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Inicio Enfermedades Infecciosas y Microbiología Clínica (English Edition) Is there a relationship between the polimerase chain reaction cycle threshold an...
Journal Information
Vol. 36. Issue 9.
Pages 600-601 (November 2018)
Vol. 36. Issue 9.
Pages 600-601 (November 2018)
Scientific letter
DOI: 10.1016/j.eimce.2017.11.022
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Is there a relationship between the polimerase chain reaction cycle threshold and the risk of severe Clostridium difficile infection?
¿Existe relación entre el ciclo umbral de la reacción en cadena de la polimerasa y el riesgo de infección grave por Clostridium difficile?
Laura Sante
Corresponding author

Corresponding author.
, Yanet Pedroso, Beatriz Castro, María Lecuona
Servicio de Microbiología, Parasitología y Control de la Infección, Hospital Universitario de Canarias, Santa Cruz de Tenerife, Tenerife, Spain
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Tables (1)
Table 1. Clinical and epidemiological data for the groups studied.
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Dear Editor,

Clostridium difficile infection (CDI), the leading cause of nosocomial diarrhoea, is associated with increased patient mortality and healthcare costs.1,2 In addition, it has been observed that 12–18% of patients may progress to serious disease and 20% may have recurrences.3 Given these significant percentages, it is necessary to gain insight into which patients have CDI that is likely to follow a poor clinical course in order to select a suitable treatment and prevent mortality. Various risk factors for predicting the infection's seriousness, mortality and recurrence have been examined; however, no consensus has been reached. At present, the clinical criteria that are collected during the CDI episode are insufficient to predict the course of the infectious episode.4 Therefore, prior studies have assessed microbiological data so as to improve the prognosis and clinical course of CDI.5,6 These data include the link between the real-time PCR cycle threshold (Ct) and mortality,7 which would constitute an objective and early method.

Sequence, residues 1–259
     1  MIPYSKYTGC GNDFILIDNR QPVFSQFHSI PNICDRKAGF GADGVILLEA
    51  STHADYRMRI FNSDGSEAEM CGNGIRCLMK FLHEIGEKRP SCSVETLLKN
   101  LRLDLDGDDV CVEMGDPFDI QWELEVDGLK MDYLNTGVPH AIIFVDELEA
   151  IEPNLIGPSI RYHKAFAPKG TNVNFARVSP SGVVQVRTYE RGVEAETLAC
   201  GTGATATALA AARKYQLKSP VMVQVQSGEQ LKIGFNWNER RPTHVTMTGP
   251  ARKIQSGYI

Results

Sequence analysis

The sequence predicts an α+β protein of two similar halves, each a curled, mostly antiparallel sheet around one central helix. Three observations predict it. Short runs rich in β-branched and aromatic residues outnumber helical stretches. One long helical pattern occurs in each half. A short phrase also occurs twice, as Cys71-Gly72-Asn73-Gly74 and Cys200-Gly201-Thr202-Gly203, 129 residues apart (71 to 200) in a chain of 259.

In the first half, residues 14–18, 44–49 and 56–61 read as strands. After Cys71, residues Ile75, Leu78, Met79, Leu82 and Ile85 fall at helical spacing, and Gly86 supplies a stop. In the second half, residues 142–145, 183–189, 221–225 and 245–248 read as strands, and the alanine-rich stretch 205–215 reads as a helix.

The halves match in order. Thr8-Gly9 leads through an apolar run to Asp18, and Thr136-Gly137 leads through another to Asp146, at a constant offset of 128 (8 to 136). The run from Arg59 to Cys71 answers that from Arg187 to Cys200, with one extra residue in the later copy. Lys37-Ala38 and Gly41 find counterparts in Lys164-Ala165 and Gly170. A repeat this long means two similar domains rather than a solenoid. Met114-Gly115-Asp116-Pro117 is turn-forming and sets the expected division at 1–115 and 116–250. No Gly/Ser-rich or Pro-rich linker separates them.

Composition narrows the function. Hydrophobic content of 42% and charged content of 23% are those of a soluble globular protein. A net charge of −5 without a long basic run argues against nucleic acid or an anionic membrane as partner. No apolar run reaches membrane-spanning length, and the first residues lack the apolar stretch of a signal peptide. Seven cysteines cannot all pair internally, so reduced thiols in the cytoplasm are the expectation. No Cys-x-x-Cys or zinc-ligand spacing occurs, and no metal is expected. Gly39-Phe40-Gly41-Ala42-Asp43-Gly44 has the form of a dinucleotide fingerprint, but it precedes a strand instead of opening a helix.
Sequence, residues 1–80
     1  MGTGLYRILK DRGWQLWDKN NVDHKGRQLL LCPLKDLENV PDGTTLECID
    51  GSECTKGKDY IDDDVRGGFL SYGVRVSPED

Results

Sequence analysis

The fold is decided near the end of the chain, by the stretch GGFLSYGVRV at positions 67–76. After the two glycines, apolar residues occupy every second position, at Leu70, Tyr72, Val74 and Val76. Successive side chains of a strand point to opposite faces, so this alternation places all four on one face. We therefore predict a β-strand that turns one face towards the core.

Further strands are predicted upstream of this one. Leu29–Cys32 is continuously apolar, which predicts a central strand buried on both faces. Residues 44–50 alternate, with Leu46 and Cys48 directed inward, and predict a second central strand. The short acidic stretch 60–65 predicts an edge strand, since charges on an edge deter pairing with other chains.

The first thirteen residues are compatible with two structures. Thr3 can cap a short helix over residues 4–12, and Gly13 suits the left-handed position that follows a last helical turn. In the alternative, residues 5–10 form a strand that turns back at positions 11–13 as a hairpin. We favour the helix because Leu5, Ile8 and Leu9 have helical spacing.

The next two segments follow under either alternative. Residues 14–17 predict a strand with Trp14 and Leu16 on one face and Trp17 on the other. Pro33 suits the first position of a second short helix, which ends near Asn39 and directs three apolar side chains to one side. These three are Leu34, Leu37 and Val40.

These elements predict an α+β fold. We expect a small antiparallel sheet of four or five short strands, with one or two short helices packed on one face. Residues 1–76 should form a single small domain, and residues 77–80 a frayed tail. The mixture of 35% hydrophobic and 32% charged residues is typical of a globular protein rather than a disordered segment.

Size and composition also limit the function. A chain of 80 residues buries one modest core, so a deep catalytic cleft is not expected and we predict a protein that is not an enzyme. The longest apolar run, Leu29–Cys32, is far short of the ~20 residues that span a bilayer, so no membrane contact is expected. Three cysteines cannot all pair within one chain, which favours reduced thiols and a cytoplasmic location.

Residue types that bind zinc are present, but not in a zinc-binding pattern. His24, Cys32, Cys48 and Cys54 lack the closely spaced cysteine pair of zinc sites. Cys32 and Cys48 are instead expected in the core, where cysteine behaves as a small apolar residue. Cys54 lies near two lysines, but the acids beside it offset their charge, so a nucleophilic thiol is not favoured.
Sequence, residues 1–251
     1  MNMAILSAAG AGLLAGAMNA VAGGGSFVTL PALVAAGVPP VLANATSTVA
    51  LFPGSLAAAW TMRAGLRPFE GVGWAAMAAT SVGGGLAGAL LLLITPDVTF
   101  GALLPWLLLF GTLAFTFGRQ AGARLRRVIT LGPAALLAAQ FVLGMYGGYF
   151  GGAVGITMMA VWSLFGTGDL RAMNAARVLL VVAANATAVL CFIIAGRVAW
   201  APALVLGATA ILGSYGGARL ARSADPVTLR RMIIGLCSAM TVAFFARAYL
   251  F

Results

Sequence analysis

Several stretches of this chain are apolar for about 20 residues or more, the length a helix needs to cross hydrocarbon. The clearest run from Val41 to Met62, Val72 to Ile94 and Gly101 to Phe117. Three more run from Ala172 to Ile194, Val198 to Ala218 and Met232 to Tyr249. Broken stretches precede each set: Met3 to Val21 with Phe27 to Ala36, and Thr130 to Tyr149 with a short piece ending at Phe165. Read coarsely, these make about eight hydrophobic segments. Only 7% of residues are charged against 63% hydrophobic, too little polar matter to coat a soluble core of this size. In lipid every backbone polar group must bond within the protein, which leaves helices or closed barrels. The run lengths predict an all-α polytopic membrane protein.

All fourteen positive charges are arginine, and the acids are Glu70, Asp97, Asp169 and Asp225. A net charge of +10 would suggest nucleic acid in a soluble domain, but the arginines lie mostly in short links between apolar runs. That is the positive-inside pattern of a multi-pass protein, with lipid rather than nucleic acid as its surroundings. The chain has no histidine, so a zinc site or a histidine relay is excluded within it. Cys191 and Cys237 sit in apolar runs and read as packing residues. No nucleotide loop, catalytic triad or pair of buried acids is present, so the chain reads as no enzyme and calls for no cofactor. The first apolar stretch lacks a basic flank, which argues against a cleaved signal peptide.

The goal of this study was to evaluate the role of PCR Ct with a prognosis of clinical severity as a potential predictive marker of a poor clinical course for CDI.

We conducted a retrospective study at our hospital in 62 patients with microbiological detection of C. difficile (CD) in faeces using the Xpert®C. difficile system (GeneXpert, Cepheid, Sunnyvale, CA, United States) between January 2015 and December 2016. To this end, we enrolled in the study patients with samples of diarrhoeal faeces with suspected CDI that had been processed according to the established protocol (3-step algorithm) based on glutamate dehydrogenase immunochromatography (Wampole® C. DIFF QUIK CHEK®, Alere), toxin detection (Wampole® TOX A/B QUIK CHEK®, Alere) and real-time PCR (XpertTMC. difficile) the same day they arrived at the microbiology department, having been stored at 2–8°C until they were processed. Samples were collected in a sterile bottle with no transport medium.